Buttigieg leapt from Harvard to Oxford to McKinsey & Company, a management and consulting firm, which briefly landed him in Toronto, analyzing grocery prices for Loblaws in 2008. But 12-hour days analyzing spreadsheets didn’t interest him, so he returned to his dream of public service, enlisting in the army and running for mayor of his hometown. In 2011, at 29, he was elected with 74 per cent of the vote, continuing a four-decade-long tradition of South Bend residents electing Democrats by comfortable margins. Over the next few years, he oversaw a citywide revitalization, including plans to revamp the downtown and a crumbling six-storey, 1.3-million-sq.-foot Studebaker plant, which shuttered in 1963.
In 2014, Buttigieg took leave from the mayor’s office when he was deployed to Afghanistan as a Navy intelligence officer, where he disrupted terrorist organizations’ financial flows. He saw no combat, but the threat of violence shook something in him. “Here I am, I’m a grown-ass man, I own a home, I’m the mayor of my city, I’m a military officer, and if I get killed out there, I will go to my grave not knowing what it’s like to be in love,” he told The Daily podcast.
The reason: he’d yet to come out. So in June 2015, while the Supreme Court mulled same-sex marriage and Indiana’s then-governor Mike Pence signed into law an act that arguably empowered businesses to discriminate against LGBTQ people on religious grounds, Mayor Pete penned an op-ed in the South Bend Tribune announcing he was gay.
“Putting something this personal on the pages of a newspaper does not come easy. We Midwesterners are instinctively private to begin with, and I’m not used to viewing this as anyone else’s business,” he wrote. “But it’s clear to me that at a moment like this, being more open about it could do some good.” He meant it would do some good for kids afraid of revealing their own sexuality. But the decision also did him some personal good: a 33-year-long haunting secret provided exactly the minority-status leverage needed to propel him from national nobody to viable presidential candidate.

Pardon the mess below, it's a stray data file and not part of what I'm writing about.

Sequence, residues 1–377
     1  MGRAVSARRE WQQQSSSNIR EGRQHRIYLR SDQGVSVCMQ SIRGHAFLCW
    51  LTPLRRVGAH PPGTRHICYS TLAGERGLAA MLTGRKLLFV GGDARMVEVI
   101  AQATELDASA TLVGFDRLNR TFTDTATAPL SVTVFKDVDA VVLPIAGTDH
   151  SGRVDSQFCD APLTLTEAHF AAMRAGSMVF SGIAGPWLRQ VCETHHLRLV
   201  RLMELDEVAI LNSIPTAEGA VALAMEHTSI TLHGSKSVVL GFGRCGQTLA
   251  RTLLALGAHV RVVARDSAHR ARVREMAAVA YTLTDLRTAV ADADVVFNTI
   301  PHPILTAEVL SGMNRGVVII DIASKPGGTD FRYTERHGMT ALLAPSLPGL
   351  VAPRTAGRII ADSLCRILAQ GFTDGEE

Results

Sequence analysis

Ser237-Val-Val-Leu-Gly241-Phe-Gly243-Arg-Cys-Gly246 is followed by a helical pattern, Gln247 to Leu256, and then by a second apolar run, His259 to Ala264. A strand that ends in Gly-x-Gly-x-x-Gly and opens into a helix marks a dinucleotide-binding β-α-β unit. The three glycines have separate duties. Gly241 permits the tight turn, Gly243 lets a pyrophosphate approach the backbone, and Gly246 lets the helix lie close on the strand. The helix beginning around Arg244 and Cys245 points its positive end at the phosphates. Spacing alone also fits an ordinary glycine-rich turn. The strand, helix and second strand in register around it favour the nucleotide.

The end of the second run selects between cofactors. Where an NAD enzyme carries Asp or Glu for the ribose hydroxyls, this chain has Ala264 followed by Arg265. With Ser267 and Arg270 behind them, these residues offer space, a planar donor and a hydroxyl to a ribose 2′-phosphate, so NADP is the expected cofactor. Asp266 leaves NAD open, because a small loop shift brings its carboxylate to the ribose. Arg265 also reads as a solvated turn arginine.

If he is to become President Pete, his journey begins here, in Iowa, where 59 per cent of residents support legalized gay marriage—a jump from 46 per cent in 2011 and noteworthy progress for a Christian-majority state on the older side of the U.S. median.
On Twitter, Michael Sayman, a software engineer at Google, concisely summed up Mayor Pete’s appeal: “Buttigieg is what boomers wish millennials were like. Bernie is what millennials wish boomers were like.”
To wit, if Buttigieg wins the nomination, it will not be thanks to his fellow millennials—many of whom view his establishment ties, Christian values and military history with suspicion—but with the support of boomer Democrats, who appreciate those virtues. “He reminds everyone of their favourite grandson,” Sean Bagniewski, the Democratic chair in Polk County, told The New York Times.
After Iowa, he’ll need to win over progressive millennials and visible minorities—a not-impossible task. Of the 1,200 people crowding around Buttigieg that Sunday afternoon, one man stood out: an enthusiastic Muslim Bangladeshi-American named Reza Karim, who lives in Atlanta.
“I’ve been here since ’83—I was safe, I worked hard, I went to school, I did my dues,” he says. “I felt like I had everything.” But lately, things have changed. His teenage daughter gets bullied for being brown-skinned. He doesn’t feel safe anymore. So, for his 10-day vacation, he hopped in the car and drove 15 hours to knock on doors for Buttigieg in Iowa. “I left my family over there,” he says sheepishly. “They didn’t like it. But I told my daughter, ‘I’m doing it for you.’ ”
Like many Democrats, Karim wants his country to return to normalcy; like many Buttigieg supporters, he believes that path lies in moderation. While camera lights flash on the mayor’s grateful farewell from Indianola, Karim beams from the front row, his chest covered in a bright-yellow volunteer shirt, cheering loudly for his man, the candidate of compromise.
This article appears in print in the February 2020 issue of Maclean’s magazine with the headline, “Mayor Pete’s Iowa.” Subscribe to the monthly print magazine here.